Plans Unveiled for Foster + Partners-designed Einstein Museum

International
Thursday, June 13, 2013
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(Foster+Partners)

(Foster+Partners)

Foster + Partners has released concept renderings for the proposed Albert Einstein Museum in Jerusalem. Part of Hebrew University’s Mount Scopus Campus, the museum will serve as a motivational learning center that reflects Einstein’s scientific and cultural impact on the world. The design concept is open and airy and emphasizes light at every bend, including an amphitheater covered in mirrors to illuminate the space. The idea behind the Museum is to “shine a light” on Einstein’s accomplishments.

Continue reading after the jump.

Apple Makes Adjustments To Silicon Valley Campus Proposal

West
Friday, April 26, 2013
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Newly released pedestrian improvements planned for Apple's Silicon Valley headquarters. (Courtesy Apple)

Newly released pedestrian improvements planned for Apple’s Silicon Valley headquarters. (Courtesy Apple)

Apple’s spaceship-like campus plans, designed by Foster and Partners, have been criticized for—among other other things— a lack of pedestrian friendly design. It appears the company has listened. New documents presented to the city of Cupertino show extended bike paths, winding walkways and private roads both circling the grounds and running through the center of the campus.  The bike lanes would have buffer lanes to protect them from cars, pedestrian walkways would have increased lighting, a transit center would be the focal point for buses, and the plans also make room for public art projects.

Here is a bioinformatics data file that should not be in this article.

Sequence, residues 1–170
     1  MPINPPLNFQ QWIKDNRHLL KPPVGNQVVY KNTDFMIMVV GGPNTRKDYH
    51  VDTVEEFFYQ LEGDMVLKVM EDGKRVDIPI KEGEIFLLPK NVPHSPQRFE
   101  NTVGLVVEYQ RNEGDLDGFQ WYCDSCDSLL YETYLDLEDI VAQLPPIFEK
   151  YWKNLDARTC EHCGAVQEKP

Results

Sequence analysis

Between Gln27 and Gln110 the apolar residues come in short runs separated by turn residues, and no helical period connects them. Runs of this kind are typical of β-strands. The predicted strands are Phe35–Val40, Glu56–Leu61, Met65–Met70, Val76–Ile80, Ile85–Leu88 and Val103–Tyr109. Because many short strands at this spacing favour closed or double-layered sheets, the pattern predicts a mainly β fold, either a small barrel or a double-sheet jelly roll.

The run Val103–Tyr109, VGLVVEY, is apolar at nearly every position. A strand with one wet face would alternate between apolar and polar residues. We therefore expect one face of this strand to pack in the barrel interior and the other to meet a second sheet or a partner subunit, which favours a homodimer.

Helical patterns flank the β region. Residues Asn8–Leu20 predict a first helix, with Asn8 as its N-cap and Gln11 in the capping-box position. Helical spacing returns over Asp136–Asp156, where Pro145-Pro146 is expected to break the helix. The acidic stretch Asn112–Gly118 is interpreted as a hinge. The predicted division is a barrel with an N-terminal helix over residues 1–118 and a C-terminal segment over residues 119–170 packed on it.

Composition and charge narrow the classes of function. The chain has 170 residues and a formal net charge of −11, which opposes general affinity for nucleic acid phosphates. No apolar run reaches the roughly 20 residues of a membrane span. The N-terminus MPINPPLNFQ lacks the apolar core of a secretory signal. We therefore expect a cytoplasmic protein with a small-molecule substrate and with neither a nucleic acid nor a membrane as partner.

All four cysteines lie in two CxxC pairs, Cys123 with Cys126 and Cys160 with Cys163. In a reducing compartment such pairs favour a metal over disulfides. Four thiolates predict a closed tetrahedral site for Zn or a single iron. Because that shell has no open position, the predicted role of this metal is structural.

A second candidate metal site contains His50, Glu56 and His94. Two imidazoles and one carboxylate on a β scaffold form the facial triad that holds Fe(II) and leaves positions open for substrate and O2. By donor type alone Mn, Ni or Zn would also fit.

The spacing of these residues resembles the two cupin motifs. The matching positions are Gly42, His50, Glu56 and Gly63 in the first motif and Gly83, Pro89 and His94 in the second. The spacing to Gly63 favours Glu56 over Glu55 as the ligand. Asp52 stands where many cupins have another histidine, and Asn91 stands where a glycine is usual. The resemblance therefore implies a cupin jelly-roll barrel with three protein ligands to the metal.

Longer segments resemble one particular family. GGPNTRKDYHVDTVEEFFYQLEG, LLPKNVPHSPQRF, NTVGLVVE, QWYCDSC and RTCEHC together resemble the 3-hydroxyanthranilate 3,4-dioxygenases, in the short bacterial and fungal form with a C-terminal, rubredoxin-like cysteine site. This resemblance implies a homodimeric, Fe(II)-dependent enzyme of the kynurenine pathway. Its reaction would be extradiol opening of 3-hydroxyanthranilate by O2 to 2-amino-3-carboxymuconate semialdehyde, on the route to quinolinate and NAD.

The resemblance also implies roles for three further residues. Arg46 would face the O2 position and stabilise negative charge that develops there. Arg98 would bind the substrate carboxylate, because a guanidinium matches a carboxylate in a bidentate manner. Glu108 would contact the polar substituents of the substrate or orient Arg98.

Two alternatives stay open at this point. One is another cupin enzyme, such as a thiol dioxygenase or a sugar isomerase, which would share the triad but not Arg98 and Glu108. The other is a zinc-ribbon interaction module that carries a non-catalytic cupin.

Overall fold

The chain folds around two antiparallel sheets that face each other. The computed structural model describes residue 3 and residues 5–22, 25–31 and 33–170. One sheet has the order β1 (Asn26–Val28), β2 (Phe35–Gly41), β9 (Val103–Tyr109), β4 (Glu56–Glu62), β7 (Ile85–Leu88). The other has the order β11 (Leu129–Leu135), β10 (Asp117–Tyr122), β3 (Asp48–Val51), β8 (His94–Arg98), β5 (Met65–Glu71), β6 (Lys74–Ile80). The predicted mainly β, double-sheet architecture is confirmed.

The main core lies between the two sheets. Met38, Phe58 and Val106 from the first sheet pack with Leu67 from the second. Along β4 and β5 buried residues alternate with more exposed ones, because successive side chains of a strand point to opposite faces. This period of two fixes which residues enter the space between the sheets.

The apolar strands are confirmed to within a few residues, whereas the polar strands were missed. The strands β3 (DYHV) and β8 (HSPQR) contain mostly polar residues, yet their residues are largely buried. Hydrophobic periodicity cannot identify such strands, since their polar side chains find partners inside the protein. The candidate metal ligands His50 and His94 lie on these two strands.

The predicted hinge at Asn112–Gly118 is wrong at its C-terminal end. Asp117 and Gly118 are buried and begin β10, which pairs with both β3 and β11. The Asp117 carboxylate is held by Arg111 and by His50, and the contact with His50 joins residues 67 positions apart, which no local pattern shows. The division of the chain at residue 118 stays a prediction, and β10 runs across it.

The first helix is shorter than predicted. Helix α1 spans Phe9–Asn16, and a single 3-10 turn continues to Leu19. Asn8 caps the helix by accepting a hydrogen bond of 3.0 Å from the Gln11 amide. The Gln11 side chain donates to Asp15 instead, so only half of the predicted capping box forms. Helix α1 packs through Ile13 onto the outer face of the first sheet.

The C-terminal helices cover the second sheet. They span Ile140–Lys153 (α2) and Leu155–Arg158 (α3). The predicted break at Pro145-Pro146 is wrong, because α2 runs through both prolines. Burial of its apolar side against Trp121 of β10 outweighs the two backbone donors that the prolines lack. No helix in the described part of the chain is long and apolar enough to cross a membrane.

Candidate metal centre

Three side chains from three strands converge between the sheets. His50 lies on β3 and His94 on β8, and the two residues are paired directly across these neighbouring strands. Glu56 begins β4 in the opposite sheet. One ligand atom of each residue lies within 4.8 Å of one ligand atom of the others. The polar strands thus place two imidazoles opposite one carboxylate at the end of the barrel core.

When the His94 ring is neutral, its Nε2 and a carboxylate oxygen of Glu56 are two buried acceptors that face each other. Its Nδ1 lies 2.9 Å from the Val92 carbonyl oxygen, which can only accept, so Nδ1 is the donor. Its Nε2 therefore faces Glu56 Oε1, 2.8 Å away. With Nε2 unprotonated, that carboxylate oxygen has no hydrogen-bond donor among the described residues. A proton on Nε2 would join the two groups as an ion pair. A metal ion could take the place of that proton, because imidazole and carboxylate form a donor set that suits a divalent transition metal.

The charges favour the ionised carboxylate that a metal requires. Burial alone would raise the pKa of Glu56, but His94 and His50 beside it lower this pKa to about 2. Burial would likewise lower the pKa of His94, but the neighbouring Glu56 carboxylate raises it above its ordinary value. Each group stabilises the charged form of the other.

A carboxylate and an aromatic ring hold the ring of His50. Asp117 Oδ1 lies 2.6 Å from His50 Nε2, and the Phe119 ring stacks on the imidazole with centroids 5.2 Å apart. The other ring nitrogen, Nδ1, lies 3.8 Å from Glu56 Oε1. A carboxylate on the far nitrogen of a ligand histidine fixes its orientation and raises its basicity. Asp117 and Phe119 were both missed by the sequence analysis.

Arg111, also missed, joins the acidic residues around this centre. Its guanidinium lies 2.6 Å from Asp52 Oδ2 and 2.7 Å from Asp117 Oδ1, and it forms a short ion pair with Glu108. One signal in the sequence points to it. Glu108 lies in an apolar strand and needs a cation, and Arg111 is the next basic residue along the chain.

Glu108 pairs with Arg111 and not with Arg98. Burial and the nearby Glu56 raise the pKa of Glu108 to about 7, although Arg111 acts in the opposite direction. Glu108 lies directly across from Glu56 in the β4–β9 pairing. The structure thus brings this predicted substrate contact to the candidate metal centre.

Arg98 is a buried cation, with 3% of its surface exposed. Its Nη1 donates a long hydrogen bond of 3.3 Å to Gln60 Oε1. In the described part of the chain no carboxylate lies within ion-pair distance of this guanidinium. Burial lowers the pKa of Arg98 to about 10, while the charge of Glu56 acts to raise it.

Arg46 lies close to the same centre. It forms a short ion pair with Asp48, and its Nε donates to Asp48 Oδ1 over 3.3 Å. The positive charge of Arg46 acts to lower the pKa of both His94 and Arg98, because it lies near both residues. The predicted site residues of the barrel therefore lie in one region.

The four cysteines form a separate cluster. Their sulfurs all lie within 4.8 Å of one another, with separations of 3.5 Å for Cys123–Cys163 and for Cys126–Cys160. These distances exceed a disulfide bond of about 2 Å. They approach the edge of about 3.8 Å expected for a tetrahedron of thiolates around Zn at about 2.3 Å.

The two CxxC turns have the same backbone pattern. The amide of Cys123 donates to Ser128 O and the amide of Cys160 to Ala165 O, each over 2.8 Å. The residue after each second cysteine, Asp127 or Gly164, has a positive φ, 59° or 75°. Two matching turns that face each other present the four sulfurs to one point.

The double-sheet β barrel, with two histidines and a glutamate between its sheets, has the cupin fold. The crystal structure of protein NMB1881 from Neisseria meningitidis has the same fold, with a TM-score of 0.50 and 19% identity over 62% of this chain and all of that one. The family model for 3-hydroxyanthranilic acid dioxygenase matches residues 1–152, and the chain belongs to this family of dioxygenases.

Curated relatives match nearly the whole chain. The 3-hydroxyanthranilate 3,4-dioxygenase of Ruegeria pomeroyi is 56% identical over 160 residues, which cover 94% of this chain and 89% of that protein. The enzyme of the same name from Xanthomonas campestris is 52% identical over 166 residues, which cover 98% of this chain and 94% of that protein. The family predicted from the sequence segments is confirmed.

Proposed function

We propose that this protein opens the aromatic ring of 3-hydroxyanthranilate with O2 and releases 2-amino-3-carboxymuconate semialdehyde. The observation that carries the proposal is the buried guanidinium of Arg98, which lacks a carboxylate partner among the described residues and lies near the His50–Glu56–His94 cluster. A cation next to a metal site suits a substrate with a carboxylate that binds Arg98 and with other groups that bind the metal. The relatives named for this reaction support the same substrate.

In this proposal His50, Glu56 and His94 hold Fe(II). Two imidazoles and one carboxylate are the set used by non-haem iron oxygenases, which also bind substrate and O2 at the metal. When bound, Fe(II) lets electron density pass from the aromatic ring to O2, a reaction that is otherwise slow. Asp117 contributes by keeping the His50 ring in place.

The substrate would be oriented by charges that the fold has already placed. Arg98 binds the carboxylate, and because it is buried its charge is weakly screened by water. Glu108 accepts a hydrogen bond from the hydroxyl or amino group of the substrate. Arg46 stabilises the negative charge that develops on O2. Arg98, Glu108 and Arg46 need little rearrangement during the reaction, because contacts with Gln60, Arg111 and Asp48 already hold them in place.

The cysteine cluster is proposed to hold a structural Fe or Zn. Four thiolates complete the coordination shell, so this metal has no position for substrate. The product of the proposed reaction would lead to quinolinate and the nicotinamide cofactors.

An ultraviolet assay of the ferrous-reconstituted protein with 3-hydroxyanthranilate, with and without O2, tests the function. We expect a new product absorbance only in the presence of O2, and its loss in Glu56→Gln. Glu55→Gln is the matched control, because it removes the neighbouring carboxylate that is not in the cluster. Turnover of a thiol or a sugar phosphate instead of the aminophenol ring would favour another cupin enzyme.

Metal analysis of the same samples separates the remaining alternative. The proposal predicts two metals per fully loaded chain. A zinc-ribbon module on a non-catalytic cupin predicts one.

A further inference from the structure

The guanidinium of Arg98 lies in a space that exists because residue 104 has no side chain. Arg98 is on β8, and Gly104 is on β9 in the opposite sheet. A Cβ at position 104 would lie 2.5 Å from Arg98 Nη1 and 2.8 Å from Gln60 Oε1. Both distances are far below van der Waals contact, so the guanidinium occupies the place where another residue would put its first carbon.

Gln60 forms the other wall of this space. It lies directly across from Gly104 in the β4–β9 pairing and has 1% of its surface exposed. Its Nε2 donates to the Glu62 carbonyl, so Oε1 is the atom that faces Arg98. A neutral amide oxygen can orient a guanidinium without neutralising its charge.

Not all the changes are eco/pedestrian friendly. The new design calls for an increase in parking spaces from 10,500 to 10,980. Slated for completion in 2016, the campus has also been in the news for budget overruns and delays, with Bloomberg Businessweek reporting its cost ballooning from $3 billion to $5 billion. The first phase of the campus is scheduled to be complete by 2016.The original date was 2015.

More new renderings of Apple’s campus after the jump.

Norman Foster Turns the World on Its Head With Mirrored Pavilion in France

International
Wednesday, March 6, 2013
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(Nigel Young / Courtesy Foster+Partners)

(Nigel Young / Courtesy Foster+Partners)

Norman Foster has hoisted a slender sheet of mirror-polished stainless steel above a plaza on the edge of Marseille’s historic harbor, creating a new pavilion that reflects the activity of the bustling public space overhead. Foster + Partners’ “Vieux Port” pavilion officially opened over the weekend in the French city. The pavilion roof measures 150 feet by 72 feet, tapering at its perimeter to create the illusion of impossible thinness and is is supported by eight thin stainless steel columns inset from the pavilion’s edge.

Continue reading after the jump.

Foster’s Exterior Changes Green-Lighted at the New York Public Library

East
Wednesday, January 23, 2013
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Rendering of Foster + Partners' proposed renovation of the New York Public Library. (Courtesy Foster+Partners / dbox)

Rendering of Foster + Partners’ proposed renovation of the New York Public Library. (Courtesy Foster+Partners / dbox)

Preservationists who have waged a battle against Foster + Partners’ planned renovations of the New York Public Library received bad news Tuesday: The Landmarks Preservation Commission approved the library’s application for changes to its Beaux-Arts exterior, mostly on the side facing Bryant Park, in a six-to-two vote.